She nearly burnt to death on Diwali. 4 months later, she created her dream job — and life — in the Maldives
“People grow wings in adverse circumstances, I grew gills”
Science and pop culture teach us the same thing: the trajectory of people’s lives changes drastically after they’ve had a near-death experience. “They see a purpose in life they didn’t see before. I don’t know of anything else that powerful,” says psychiatrist Bruce Greyson, professor emeritus at the University of Virginia. Nishi Srivastava would concur. ( Along with these celebrities we know).
After suffering second-degree burns to her back, thighs and legs, Srivastava’s near-death experience spurred in her a new motivation to do things that seemed impossible before. After her close shave with death, she took control of her life, and is now living her dream.
How a near-death experience changed the course of this woman’s life
When I was child, my dream was to see a whale shark’s eye. I remember watching a Discovery programme about how their eyeballs had tiny teeth and that mesmerised me. But with adulthood came adult dreams — and responsibilities — and soon any mention of whale sharks or their eyes were long forgotten. I was like any other 20-something running in the race of life, with not even an inkling of what I was running towards.
Whenever you hear of bad things happening in the world, you never think they could also happen to you. I was no different, until Diwali 2020. I was lighting diyas around the house with my family when suddenly, my dupatta caught fire, and I was engulfed in flames in the blink of an eye. My back, thighs, legs… even the ends of my hair were burning. It took mere seconds, but I felt like I was outside my body watching it all happen in slow motion.
They rushed me to the hospital where the doctor told me I should be grateful to be alive. I hadn’t even processed what happened, but I was being told 25% of my body had been burnt, and I would have to be bedridden for my skin to heal. Within 10 seconds, my life had gone up in flames.
Looking back now, I’m almost grateful to God because that was the jolt my life needed. The accident and being immobilised afterwards hit pause on my life when I hadn’t even let lockdown and COVID do that. I couldn’t move for a month because if I did, my skin would break and the process would begin all over again. So for an entire month or so, I was left alone with my thoughts.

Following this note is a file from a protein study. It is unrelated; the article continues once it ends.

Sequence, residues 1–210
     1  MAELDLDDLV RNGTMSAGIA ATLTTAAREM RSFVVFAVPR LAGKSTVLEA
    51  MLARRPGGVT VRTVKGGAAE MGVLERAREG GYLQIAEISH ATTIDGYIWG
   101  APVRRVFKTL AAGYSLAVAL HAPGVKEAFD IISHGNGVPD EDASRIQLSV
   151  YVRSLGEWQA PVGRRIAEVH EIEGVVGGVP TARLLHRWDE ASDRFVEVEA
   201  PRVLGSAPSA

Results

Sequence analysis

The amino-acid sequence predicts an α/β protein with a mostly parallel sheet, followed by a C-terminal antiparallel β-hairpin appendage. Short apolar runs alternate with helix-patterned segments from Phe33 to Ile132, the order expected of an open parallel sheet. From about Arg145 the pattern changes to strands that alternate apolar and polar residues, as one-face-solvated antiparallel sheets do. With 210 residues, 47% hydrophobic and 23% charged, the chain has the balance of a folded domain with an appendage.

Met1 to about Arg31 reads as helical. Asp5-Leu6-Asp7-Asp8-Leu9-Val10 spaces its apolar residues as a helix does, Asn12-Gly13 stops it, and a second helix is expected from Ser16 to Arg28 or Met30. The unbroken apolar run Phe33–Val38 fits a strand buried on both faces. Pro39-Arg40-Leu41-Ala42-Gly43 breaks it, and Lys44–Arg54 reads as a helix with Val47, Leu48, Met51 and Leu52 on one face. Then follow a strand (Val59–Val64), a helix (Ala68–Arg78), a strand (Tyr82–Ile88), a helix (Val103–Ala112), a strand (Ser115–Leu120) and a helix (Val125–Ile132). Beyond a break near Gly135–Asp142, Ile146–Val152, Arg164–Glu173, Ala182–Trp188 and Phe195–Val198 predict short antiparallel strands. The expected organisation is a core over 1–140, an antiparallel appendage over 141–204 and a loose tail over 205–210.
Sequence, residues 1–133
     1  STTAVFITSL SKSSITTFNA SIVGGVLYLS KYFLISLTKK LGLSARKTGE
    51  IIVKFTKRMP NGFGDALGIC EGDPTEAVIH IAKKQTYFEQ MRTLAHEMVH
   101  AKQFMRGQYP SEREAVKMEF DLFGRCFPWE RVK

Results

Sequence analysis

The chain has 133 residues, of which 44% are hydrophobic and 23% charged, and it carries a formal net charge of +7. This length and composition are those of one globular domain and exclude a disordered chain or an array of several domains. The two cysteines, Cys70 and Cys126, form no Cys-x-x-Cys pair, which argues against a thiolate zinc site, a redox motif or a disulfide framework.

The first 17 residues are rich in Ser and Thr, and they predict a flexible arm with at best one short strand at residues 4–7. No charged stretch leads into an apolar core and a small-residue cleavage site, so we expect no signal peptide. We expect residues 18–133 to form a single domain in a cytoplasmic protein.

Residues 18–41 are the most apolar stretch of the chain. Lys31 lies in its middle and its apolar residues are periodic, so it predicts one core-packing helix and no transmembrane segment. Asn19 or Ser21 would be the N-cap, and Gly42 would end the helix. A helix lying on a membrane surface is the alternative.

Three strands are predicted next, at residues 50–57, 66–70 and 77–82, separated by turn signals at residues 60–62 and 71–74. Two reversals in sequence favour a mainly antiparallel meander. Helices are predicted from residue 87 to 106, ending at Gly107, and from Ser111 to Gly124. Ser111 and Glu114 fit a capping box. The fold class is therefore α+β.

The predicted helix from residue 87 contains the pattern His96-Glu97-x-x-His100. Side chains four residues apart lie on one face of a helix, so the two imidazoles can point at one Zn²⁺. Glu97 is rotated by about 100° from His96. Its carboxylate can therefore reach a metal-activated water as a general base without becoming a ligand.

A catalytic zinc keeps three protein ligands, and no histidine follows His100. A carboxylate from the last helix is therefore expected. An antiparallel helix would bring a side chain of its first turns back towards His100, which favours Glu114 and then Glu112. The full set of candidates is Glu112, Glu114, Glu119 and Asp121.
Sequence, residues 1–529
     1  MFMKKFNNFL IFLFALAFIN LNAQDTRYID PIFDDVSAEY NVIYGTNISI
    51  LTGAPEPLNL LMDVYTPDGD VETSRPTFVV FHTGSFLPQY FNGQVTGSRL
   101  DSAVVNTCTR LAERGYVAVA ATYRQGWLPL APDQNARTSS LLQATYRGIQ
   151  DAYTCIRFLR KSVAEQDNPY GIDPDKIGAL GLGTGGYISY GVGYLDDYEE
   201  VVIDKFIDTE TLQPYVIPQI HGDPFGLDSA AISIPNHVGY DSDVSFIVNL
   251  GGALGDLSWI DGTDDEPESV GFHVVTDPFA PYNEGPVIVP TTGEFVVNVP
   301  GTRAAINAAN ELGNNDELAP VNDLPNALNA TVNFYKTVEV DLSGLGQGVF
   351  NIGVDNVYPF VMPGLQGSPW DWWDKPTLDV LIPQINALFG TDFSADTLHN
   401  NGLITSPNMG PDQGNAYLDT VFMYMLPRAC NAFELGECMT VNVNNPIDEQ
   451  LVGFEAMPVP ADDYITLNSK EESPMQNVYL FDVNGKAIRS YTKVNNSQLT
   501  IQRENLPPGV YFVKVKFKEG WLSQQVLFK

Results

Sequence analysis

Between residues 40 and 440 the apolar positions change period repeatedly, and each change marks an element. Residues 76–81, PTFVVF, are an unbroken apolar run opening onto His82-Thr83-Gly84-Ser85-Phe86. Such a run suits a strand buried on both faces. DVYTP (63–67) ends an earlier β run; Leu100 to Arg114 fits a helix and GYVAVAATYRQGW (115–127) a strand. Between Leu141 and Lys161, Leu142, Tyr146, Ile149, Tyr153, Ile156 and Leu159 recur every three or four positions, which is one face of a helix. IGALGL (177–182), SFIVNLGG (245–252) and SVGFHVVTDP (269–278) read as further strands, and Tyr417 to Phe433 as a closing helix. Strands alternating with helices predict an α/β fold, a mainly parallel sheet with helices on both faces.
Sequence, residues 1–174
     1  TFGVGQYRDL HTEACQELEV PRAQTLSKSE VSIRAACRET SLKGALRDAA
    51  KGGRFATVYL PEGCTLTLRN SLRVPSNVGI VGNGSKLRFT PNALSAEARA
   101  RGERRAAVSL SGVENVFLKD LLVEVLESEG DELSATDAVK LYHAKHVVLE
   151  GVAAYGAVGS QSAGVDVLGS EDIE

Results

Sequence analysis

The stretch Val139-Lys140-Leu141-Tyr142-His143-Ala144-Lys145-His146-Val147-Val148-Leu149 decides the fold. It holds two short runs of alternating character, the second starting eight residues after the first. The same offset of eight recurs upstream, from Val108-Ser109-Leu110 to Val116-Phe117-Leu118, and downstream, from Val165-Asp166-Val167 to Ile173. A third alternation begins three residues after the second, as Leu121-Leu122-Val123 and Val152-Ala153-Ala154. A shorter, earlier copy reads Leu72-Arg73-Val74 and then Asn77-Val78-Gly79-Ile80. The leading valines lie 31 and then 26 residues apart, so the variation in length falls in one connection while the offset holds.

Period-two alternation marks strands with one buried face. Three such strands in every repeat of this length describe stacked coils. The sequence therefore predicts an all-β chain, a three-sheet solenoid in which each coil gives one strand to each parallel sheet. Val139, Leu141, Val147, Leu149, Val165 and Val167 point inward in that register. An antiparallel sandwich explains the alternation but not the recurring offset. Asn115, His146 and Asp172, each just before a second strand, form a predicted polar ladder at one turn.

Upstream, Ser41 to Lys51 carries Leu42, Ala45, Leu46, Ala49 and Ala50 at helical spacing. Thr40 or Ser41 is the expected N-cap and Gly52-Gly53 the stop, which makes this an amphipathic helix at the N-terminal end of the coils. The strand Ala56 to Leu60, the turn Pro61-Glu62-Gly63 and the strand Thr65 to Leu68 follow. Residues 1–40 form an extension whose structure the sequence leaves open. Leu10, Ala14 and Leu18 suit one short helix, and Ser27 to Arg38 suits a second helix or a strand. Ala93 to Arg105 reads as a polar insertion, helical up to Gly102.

The pain used to be unbearable in the beginning, so much so it felt like I couldn’t breathe at times. So to escape the pain, I would spend my days reading up on psychological hacks. That was when humongous water bodies started appearing to me in my dreams, and I would be floating. It was strange because I had only seen the ocean once before in my life, but oddly, imagining myself close to water made me feel calm.
There’s a quote in the movie Frozen that says water has memory. That’s how my relationship with water and the ocean is. Whenever I would close my eyes, I felt like the ocean was calling to me. I didn’t talk about it with anyone, I only knew that there was a pull beyond my control. You may call it a sixth sense, intuition, or even divine intervention, but I felt like I had heard my true inner voice for the first time in my life. It was pushing me to the ocean. After a month when I had somewhat recovered, I booked a trip to the Maldives without second thought.
I’m of the firm belief that God gives us situations to heal the psychological flaws in our consciousness, and water was mine. But it didn’t come so naturally at first. When I first found myself staring at the ocean in Maldives, I was beyond petrified. I had planned to go snorkelling but my feet were trying to grow roots into the ground I stood on.
As I was frantically begging the instructors not to let go of me in the water, one of them chose tough love. That was exactly what I needed. The truth is, we are much more than what we think we are. I had survived a quarter of my body being burnt. This was like putting jam on bread in comparison.
Right at that moment, I decided I would come back. And that’s how my travel company began. I had found my purpose, and I wanted to help others find theirs too.
A couple of months after my first visit, I went to Maldives with 14 women who had booked a trip with me. The tour guides who took us snorkelling and scuba diving would go into the water without any equipment and it fascinated me. I, too, made plans to learn free diving, where you dive into the ocean without an oxygen tank. Once I started diving, I realised something amazing would happen every time I held my breath and went down. I would stop thinking. When you stop breathing, you are only in the present. These were the few minutes, or seconds sometimes, that I was not in my past nor thinking about the future — just focused on the present and my next breath. It was life-altering.
I used to have a school teacher who would say that under adverse circumstances, some people buy crutches while some grow wings. But I think I found a third option, and grew gills and fins instead.
This year, I finally fulfilled my childhood dream of seeing a whale shark’s eye. Although some people don’t have dreams like that, chances are they’re just not letting themselves see the dreams they do have. The ocean gave me the stillness I had first felt when I was bedridden.
It’s a very short life. Shorter than we think it is and we are not here permanently. So why do we take ourselves so seriously? We never let ourselves do the things we want to do. Like I hadn’t allowed myself to see my inner calling — my connection with the ocean because I was too busy running all the time.
It took a near-death experience for me to open this box that had grown mould from being locked away in the farthest corners of my mind. That is what I want to do for people. Give them a moment’s pause to just be.